The sum of the numbers on the diagonal shown on Pascal’s Triangle match the Fibonacci Numbers. The sequence progresses in this order: 1, 1, 2, 3, 5, 8, 13, 21, 34, 55, 89, and so on. Each number in the sequence is the sum of the previous two numbers. For example: 2+3=5, 3+5=8, 5+8=13, 8+13=21 and so on. Leonardo Fibonacci popularized these numbers in his book Liber Abaci (1202).
As you progress through the Fibonacci Numbers, the ratios of consecutive Fibonacci numbers approach the Golden Ratio of 1.61803398...., but never equal it. For example, 55/34=1.618, and 89/55=1.618, 144/89=1.618. Euclid (325 BC- 270 BC) and other well-known mathematicians studied the properties of the Golden Ratio, including its appearance in dimensions of a regular pentagon and a golden rectangle. Artists and architects, including Dali have proportioned their works to approximate the Golden Ratio, which can also be seen in some patterns in nature, including the spiral arrangement of leaves.


PBS Documentary - Prediction by the Numbers

Prediction By Numbers
The Galton Board, also known as the Galton Box, is named after Sir Francis Galton (1822-1911). Francis Galton, an English mathematician who was an expert in many scientific fields, created his "Quincunx" machine to demonstrate how a normal distribution is formed through the occurrence of multiple random events.

The Galton Board incorporates many mathematical and statistical concepts, including the normal distribution or bell-shaped curve, the central limit theorem (the de Moivre-Laplace theorem), the binomial distribution, regression to the mean, Pascal’s triangle (the triangle of binomial coefficients), probabilities, powers of two, binary numbers, coin flipping odds, law of frequency of errors, order in apparent chaos, and what Sir Francis Galton referred to as the law of unreason.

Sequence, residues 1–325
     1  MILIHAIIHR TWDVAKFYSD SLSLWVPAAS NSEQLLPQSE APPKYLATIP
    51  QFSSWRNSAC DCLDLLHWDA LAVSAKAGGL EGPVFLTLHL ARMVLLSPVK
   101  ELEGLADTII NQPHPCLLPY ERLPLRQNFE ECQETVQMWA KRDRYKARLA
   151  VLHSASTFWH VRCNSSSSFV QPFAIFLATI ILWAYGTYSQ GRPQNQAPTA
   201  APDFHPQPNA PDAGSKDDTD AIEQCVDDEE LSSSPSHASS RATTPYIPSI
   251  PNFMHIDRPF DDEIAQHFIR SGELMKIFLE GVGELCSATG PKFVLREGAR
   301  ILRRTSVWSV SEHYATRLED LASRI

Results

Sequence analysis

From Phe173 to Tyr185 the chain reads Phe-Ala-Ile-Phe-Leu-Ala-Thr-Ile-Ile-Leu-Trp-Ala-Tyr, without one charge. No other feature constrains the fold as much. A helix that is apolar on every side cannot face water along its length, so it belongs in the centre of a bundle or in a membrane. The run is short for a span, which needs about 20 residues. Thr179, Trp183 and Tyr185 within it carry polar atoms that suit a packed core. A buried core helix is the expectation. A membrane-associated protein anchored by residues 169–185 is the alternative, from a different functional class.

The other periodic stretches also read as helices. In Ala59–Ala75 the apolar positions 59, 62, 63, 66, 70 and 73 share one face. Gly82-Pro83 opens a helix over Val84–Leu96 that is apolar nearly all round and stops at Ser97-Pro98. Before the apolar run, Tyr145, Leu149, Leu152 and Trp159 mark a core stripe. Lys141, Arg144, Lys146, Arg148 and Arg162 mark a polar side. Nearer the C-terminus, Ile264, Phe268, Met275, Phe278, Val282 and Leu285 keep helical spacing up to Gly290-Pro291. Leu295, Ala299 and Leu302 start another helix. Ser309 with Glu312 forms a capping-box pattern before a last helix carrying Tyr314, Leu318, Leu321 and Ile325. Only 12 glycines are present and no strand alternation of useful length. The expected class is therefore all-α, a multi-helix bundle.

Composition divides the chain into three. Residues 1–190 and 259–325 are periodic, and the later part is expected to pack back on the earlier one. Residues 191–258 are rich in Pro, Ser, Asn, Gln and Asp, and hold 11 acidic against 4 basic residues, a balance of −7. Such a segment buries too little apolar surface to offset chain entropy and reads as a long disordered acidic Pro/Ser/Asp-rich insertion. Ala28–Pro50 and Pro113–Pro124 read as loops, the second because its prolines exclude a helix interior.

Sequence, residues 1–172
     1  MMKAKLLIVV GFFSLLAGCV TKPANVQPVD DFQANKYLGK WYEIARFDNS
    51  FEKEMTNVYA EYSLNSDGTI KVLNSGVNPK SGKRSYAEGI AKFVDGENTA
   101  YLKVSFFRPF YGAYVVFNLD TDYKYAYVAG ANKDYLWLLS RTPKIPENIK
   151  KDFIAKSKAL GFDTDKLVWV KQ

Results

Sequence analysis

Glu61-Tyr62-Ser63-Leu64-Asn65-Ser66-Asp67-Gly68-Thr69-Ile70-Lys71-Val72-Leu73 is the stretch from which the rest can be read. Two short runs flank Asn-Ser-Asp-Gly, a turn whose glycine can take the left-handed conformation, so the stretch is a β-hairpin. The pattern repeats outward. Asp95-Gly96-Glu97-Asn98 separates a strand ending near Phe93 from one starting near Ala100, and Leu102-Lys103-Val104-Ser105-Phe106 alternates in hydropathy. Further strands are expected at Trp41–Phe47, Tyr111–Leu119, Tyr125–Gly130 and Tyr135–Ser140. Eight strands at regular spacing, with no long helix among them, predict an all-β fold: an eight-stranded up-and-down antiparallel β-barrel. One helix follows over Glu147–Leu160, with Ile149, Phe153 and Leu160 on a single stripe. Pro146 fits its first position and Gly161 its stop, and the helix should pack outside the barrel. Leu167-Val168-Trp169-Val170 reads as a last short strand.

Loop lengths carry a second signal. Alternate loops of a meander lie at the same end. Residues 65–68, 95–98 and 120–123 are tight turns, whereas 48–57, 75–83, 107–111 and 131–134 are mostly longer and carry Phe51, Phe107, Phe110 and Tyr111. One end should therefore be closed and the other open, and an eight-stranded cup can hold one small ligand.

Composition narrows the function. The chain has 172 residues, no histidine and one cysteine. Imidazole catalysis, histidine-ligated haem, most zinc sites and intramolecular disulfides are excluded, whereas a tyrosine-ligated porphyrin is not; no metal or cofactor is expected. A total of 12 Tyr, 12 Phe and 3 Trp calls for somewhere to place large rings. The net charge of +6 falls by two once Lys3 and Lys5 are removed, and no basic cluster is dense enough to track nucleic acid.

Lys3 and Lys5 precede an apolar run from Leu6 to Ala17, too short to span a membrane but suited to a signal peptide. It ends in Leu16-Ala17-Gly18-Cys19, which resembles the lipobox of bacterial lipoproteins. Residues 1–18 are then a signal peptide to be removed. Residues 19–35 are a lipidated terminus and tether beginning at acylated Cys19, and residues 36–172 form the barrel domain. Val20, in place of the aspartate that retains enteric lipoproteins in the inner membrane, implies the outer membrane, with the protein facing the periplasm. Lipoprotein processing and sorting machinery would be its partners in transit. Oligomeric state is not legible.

Galton wrote in his book Natural Inheritance,
"Order in Apparent Chaos. I know of scarcely anything so apt to impress the imagination as the wonderful form of cosmic order expressed by the " Law of Frequency of Error." The law would have been personified by the Greeks and deified, if they had known of it. It reigns with serenity and in complete self-effacement amidst the wildest confusion. The huger the mob, and the greater the apparent anarchy, the more perfect is its sway. It is the supreme law of Unreason. Whenever a large sample of chaotic elements are taken in hand and marshalled in the order of their magnitude, an unsuspected and most beautiful form of regularity proves to have been latent all along."

The original Galton Board was built in 1893 and is on display in the Galton Collection, University College London (see image on the left). In the top left corner it states, "Instrument to illustrate the principle of the Law of Error or Dispersion, by Francis Galton FRS. The photo of the Galton Box appears in The History of Statistics by Stephen M. Stigler. For an interesting article on the history of a quincunx instrument see here.

The Quincunx board is used to bring this classic pattern to live, by dropping beads or balls through a series of pegs arrange in a triangular pattern much like Pascale’s Triangle. Balls are dropped onto the first peg and then bounce down to the bottom of the triangle where they collect in little bins. Because the balls have to go through this line of binomial divider, the final number of balls collected at the bins is the same as the total added cumulating of probability of its directional outcome.

In 1964, Charles and Ray Eames built a large working model for the New York World’s Fair exhibit. Their work captures the imagination of many, and bring educational interest of probability to those who saw the display.